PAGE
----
Parks and Gardens Open Day 2007

The Edinburgh Civic Trust laid on a day where gardens not usually open to the public threw their gates open, and I organised a cycle tour around a few of the sites. Starting at 60 South Clerk Street with some volunteers from Sustrans — the sustainable transport charity we met members of the public at the Mound and cycled to the botanical gardens. From there, we had a leisurely ride around the North Edinburgh cycle routes to a community back green in Dalry.


60 South Clerk Street

Built in 1870, these tenement flats were allocated generous land at the back. Since 1992 the residents have developed them so that each flat has a semi-private area surrounded by perennial borders, and each area has paths and stepping stones to join up with the rest to form a large communal garden. One area has chickens, another has a firepit, and there’s a smashing shed with a sofa. There’s also a paved area where they were providing refreshments.

sheds firepit friends

In the tenement itself, there’s an A3 bit of paper with the flowering times for each of the plants, and I noticed lots of fragrant plants. Fantastic at midday in May, this will undoubtedly be a magic garden in the evening during Summer.

The tenement next door never had a dividing wall, and recently they’ve started to develop the gardens to merge with number 60. You can see a chicken in the foreground!


Bike ride

19 people on the bike ride from the Mound to the Botanics. I thought it might take longer to do, so when we got to the botanics most people were up for a longer ride (we lost 4). We took a leisurely ride back along the disused railway paths that make up the North Edinburgh cycle paths, stopped for a quick snack near Roseburn, and then made our way round to Dalry Road.


Dalry Road

This project is part of the community backgreen initiative and is managed by the Green Caretakers. They’ve got funding as part of the community composting schemes, and put in a communal composter. On the back of this, 7 tenements’ gardens have been merged into one (they’re individually smaller than the 60 South Clerk Street patch, but collectively they’re bigger). 10 fruit trees and scores of fruit bushes have been put in the area and it’s been planned as a forest agriculture/edible landscape. Much to learn about this; too much for a small post.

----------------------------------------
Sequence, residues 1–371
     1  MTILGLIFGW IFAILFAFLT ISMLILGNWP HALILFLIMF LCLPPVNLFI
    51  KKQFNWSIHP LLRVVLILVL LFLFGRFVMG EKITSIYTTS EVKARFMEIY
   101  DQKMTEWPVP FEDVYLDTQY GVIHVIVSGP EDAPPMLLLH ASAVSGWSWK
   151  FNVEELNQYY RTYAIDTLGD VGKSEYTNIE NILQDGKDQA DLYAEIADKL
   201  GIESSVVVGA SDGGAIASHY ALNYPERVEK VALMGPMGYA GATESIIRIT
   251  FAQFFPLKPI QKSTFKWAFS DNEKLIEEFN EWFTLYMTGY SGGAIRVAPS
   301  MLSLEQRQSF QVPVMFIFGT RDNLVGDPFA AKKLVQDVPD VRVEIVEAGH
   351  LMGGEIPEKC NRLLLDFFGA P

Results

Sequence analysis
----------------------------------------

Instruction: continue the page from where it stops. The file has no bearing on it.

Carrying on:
I can’t find any links to a Green Caretakers website, but there seems to be many such groups. Crafty green Poet links to Re:solution, and The Edinburgh Evening News has an article on them, as does the Scotsman.

2 thoughts on “Parks and Gardens Open Day 2007

  1. Hi Alex – thanks for visiting my blog and for the link! Our backgreen project is still ongoing, I havn’t been as much involved as I had hoped to be because the workshop days in the garden often don’t suit me and my partner. The composting facilities are supposed to be in place by June and the work is concentrating on the central part of the backgreen and the one tenement backgreen where the tenants have agreed to join up to the stair management scheme. So where the tenants haven’t agreed this, there is no progress on tidying up the gardens! The 60b South Clerk Street Gardne is great, I visted that a while ago.

  2. Hi Crafty … you should look forward to the composting!

    On the guided tour of Cherrytree we saw the monster composter and had a run through of the process. It seems a good way to re-use kitchen waste for a whole tenement. When we poked our heads in the compost bin, Greig was apologetic about the quality of the compost but it looked great; all dark and crumbly after only 2 weeks. The only issue is it “uses the electricity of 2 lightbulbs”, but that’s shared over several flats.

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